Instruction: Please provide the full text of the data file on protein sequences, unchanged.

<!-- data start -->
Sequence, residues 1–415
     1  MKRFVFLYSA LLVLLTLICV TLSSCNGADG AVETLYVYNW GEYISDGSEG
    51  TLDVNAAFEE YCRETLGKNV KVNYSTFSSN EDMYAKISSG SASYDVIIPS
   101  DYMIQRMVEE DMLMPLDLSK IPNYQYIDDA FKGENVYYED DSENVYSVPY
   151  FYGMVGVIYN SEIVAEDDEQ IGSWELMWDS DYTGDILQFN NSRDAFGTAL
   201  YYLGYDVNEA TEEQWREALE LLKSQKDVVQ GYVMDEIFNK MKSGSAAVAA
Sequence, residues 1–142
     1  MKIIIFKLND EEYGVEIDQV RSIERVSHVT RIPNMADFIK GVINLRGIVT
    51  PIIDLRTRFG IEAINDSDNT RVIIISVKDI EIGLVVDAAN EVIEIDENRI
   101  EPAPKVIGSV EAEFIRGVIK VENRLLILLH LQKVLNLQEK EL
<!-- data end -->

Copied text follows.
Sequence, residues 1–415
     1  MKRFVFLYSA LLVLLTLICV TLSSCNGADG AVETLYVYNW GEYISDGSEG
    51  TLDVNAAFEE YCRETLGKNV KVNYSTFSSN EDMYAKISSG SASYDVIIPS
   101  DYMIQRMVEE DMLMPLDLSK IPNYQYIDDA FKGENVYYED DSENVYSVPY
   151  FYGMVGVIYN SEIVAEDDEQ IGSWELMWDS DYTGDILQFN NSRDAFGTAL
   201  YYLGYDVNEA TEEQWREALE LLKSQKDVVQ GYVMDEIFNK MKSGSAAVAA
Sequence, residues 1–142
     1  MKIIIFKLND EEYGVEIDQV RSIERVSHVT RIPNMADFIK GVINLRGIVT
    51  PIIDLRTRFG IEAINDSDNT RVIIISVKDI EIGLVVDAAN EVIEIDENRI
   101  EPAPKVIGSV EAEFIRGVIK VENRLLILLH LQKVLNLQEK EL